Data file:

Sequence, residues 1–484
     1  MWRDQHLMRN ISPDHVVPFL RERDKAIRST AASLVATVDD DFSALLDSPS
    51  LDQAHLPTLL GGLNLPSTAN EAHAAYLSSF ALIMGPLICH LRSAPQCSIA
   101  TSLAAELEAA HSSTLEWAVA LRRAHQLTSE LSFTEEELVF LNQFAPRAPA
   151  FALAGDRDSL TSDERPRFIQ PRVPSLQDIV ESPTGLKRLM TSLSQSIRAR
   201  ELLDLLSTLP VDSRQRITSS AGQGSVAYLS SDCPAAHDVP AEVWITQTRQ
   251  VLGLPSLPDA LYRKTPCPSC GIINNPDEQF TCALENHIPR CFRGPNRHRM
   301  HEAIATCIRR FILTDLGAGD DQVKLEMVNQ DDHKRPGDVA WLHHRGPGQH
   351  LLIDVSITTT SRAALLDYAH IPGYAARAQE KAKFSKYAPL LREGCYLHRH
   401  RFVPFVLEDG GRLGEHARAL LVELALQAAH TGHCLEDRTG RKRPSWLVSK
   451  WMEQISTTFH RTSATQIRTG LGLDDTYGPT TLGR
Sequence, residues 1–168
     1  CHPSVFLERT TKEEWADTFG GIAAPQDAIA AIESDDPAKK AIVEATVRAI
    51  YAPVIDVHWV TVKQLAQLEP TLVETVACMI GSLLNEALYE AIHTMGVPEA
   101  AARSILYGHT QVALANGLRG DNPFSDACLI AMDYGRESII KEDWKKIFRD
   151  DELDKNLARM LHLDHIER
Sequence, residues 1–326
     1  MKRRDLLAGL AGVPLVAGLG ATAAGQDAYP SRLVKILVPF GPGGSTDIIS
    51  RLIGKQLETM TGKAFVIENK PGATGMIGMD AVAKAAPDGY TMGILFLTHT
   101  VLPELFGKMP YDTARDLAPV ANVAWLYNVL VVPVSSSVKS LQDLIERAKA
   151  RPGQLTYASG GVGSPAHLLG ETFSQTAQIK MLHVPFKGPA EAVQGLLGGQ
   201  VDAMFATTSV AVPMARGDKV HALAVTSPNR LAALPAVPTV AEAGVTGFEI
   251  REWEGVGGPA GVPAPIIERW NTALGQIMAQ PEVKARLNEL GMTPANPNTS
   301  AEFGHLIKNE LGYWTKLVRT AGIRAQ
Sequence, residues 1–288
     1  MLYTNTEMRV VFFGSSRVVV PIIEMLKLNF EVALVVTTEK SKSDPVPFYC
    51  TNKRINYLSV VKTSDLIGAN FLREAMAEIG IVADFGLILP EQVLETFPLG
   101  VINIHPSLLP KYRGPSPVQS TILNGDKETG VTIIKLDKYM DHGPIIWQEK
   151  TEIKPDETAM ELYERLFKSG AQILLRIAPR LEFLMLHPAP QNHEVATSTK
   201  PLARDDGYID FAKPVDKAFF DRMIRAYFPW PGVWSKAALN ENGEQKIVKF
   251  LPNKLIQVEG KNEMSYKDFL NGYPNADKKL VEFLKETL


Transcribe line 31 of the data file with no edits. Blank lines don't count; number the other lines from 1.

   251  LPNKLIQVEG KNEMSYKDFL NGYPNADKKL VEFLKETL